Telstra’s unusual, unsurprising Pacnet purchase

Contact: Scott Denne Agatha Poon

Telstra reaches for Pacnet in an uncharacteristic – but rational – deal. The $297m purchase price, at a $697m enterprise value, makes Pacnet a substantially larger target than anything Telstra has bought. According to The 451 M&A KnowledgeBase, Telstra has made six acquisitions (including today’s) this year. Prior to today’s announcement, it had never paid more than $270m in a transaction (a mark it set earlier this year with the pickup of video software vendor Ooyala) in the past 15 years.

Also, like Ooyala and unlike Pacnet, most of its past acquisitions aimed to move the Australia-based telecom giant into ancillary offerings, while the Pacnet buy supplements a core business. Earlier this year, Telstra bought Ooyala as well as a video ad serving business, Videoplaza, to supplement that. It inked two acquisitions to bolster its healthcare software offering, after having scooped up the foundational piece of that business with the 2013 reach for Database Consultants Australia’s eHealth division. Telstra was a muted acquirer from 2010-2012, but even in its earlier phase of active M&A (11 deals between 2004-2009), it largely focused on snagging Asian Web properties.

With Pacnet, Telstra is obtaining assets such as datacenters and fiber and undersea cables that support its ambition to make the company a strong regional and global player in enterprise services, which is already a $4bn business annually.

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Zayo’s zesty debut

Contact:  Scott Denne

Despite pricing below its target range, Zayo Group receives a warm reception on Wall Street. The fiber services and colocation vendor was trading up about $22 per share (roughly the midpoint of its proposed range) from its $19 IPO price, giving it an enterprise valuation of $8.09bn (7.2x TTM revenue).

Considering Zayo’s organic growth was just 6% in each of the past two years, that’s a healthy multiple, putting it well ahead of others in the colocation and network services sectors, though the diversity of the company’s business – which includes dark fiber, mobile backhaul networks and colocation – makes a direct peer tough to find. Ironically, the best available comparison for Zayo’s valuation is Zayo itself: in 2012, it took AboveNet private in a $2.2bn deal – the largest of the 32 acquisitions it has made since 2007 – at 4.5x trailing revenue.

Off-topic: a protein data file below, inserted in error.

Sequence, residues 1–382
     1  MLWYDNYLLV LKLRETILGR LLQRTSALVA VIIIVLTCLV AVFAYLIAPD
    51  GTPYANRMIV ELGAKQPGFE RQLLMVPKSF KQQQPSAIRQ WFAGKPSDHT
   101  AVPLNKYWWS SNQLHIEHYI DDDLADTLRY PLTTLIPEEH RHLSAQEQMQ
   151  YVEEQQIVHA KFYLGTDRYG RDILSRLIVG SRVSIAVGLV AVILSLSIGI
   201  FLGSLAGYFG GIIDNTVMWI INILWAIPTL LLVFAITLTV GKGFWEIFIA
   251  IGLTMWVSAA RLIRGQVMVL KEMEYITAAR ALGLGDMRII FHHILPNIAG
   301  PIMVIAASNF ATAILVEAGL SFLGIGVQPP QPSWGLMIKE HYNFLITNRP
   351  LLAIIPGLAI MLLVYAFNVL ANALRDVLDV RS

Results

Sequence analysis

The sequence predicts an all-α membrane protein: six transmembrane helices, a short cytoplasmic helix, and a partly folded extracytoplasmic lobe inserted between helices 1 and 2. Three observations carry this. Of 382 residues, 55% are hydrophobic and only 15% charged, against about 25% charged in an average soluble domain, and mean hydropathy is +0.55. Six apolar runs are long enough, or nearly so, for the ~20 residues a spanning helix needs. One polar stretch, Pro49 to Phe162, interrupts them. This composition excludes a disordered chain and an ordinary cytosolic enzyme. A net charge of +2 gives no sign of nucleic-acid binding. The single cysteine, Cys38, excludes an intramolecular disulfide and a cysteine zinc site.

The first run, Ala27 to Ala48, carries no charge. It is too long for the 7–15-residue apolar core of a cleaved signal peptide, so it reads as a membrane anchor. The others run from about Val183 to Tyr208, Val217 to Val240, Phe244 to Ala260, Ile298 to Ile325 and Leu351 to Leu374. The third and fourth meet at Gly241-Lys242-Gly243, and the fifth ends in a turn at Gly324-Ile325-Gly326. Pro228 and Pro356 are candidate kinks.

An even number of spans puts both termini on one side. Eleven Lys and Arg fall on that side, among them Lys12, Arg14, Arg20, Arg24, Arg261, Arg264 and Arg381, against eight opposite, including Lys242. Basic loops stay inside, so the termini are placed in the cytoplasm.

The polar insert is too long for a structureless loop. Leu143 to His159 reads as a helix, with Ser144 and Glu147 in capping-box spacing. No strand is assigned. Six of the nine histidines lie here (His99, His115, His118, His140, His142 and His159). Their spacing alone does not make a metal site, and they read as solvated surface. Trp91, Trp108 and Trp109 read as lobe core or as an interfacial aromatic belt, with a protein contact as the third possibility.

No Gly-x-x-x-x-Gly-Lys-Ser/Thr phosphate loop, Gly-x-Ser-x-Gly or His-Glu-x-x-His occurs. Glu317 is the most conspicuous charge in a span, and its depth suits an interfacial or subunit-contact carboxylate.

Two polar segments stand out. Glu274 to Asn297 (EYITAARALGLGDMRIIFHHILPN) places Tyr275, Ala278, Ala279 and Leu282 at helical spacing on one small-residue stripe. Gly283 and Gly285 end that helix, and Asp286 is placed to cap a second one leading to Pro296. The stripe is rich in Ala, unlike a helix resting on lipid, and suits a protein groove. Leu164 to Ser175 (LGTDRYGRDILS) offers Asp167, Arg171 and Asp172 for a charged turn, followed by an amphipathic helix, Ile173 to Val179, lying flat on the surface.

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As HP looks to set back into M&A market, who’s on its short-list?

Contact: Brenon Daly

Now that Hewlett-Packard is once again growing organically, we’re hearing that the tech giant is looking to grow inorganically once again, too. Several market sources have indicated in recent days that HP has pursued a large network platform play, as well as a smaller round-out for its application security portfolio.

Before we look at the specifics of each rumor, it’s worth noting the fact that any acquisition would be a dramatic reversal from the company’s recent stance. Since its disastrous purchase of Autonomy in mid-2011, HP has stepped almost entirely out of the M&A market, announcing just a pair of small transactions. For comparison, IBM has inked more than 30 deals in the same three-year period, according to The 451 M&A KnowledgeBase.

So who is HP supposedly eyeing? Well, both Blue Coat Systems and WhiteHat Security would bring a dash of color to the company.

Of the two rumored deals, we think the larger one – Blue Coat – is less likely, if just because a more measured return to dealmaking after a three-year hiatus would probably play better among investors, who have bid HP shares up to a three-year high. Blue Coat, with its diverse networking and security product portfolio and headcount of more than 1,400, would also pose a number of integration challenges to a company that is still working through the last big transaction it did. Furthermore, it would likely cost HP more than $2bn.

More reasonably, WhiteHat would likely cost HP only about one-tenth that amount and would be a relatively low-risk expansion to the company’s existing portfolio by bolstering its security services. HP already offers application security, a portfolio built primarily via M&A. HP acquired Web app testing startup SPI Dynamics in June 2007, and then added Fortify Software in August 2010. Fortify, which had a relatively strong partnership with WhiteHat before its sale, stands as one of the few recent deals that HP has done that has actually generated the hoped-for returns.

Survey: Ma Bell won’t get ‘churned’ with DirecTV

Contact: Brenon Daly

AT&T’s planned $48.5bn purchase of DirecTV has one thing going for it that Comcast’s similarly sized acquisition of Time Warner Cable doesn’t: customers don’t necessarily hate the providers. That’s at least one way to handicap the outlook for the two proposed pairings, which total, collectively, about $94bn in transaction value. The two deals represent the second- and third-largest tech transactions since 2003.